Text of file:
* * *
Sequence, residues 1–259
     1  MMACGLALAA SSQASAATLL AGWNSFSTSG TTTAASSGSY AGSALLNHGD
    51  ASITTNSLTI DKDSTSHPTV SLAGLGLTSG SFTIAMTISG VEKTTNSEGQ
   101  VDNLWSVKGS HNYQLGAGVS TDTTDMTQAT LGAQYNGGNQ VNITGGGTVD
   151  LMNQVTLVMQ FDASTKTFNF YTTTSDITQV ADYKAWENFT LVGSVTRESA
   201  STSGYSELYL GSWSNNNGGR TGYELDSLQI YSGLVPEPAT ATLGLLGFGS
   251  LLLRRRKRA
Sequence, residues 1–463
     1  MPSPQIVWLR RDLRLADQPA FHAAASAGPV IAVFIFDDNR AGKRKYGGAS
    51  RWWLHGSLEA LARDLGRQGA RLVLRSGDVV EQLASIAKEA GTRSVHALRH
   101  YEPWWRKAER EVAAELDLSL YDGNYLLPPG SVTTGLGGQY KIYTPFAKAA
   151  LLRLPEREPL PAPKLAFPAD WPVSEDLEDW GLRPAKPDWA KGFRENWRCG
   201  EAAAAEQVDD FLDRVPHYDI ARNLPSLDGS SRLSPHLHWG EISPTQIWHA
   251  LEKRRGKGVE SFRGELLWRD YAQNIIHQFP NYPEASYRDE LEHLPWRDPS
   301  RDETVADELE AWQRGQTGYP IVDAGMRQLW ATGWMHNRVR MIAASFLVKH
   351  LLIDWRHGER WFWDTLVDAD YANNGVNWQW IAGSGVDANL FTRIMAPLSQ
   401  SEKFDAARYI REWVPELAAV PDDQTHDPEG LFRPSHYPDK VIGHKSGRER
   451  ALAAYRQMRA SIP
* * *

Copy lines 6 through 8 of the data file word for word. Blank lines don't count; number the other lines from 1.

   201  STSGYSELYL GSWSNNNGGR TGYELDSLQI YSGLVPEPAT ATLGLLGFGS
   251  LLLRRRKRA
Sequence, residues 1–463